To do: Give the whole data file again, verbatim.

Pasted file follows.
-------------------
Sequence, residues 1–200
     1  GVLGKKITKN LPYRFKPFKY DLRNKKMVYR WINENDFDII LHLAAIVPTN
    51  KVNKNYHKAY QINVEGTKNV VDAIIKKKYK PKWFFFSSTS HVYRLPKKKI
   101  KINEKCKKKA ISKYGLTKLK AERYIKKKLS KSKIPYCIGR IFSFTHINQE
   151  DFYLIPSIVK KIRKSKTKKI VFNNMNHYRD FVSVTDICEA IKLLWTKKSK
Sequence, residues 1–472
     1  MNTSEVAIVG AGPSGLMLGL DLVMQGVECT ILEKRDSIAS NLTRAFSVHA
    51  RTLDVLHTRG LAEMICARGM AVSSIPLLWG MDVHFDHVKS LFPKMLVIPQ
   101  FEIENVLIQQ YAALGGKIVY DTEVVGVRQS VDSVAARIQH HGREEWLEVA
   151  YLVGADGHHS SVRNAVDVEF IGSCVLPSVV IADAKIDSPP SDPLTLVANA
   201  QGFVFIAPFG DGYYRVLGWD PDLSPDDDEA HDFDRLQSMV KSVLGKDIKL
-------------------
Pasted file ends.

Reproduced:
Sequence, residues 1–200
     1  GVLGKKITKN LPYRFKPFKY DLRNKKMVYR WINENDFDII LHLAAIVPTN
    51  KVNKNYHKAY QINVEGTKNV VDAIIKKKYK PKWFFFSSTS HVYRLPKKKI
   101  KINEKCKKKA ISKYGLTKLK AERYIKKKLS KSKIPYCIGR IFSFTHINQE
   151  DFYLIPSIVK KIRKSKTKKI VFNNMNHYRD FVSVTDICEA IKLLWTKKSK
Sequence, residues 1–472
     1  MNTSEVAIVG AGPSGLMLGL DLVMQGVECT ILEKRDSIAS NLTRAFSVHA
    51  RTLDVLHTRG LAEMICARGM AVSSIPLLWG MDVHFDHVKS LFPKMLVIPQ
   101  FEIENVLIQQ YAALGGKIVY DTEVVGVRQS VDSVAARIQH HGREEWLEVA
   151  YLVGADGHHS SVRNAVDVEF IGSCVLPSVV IADAKIDSPP SDPLTLVANA
   201  QGFVFIAPFG DGYYRVLGWD PDLSPDDDEA HDFDRLQSMV KSVLGKDIKL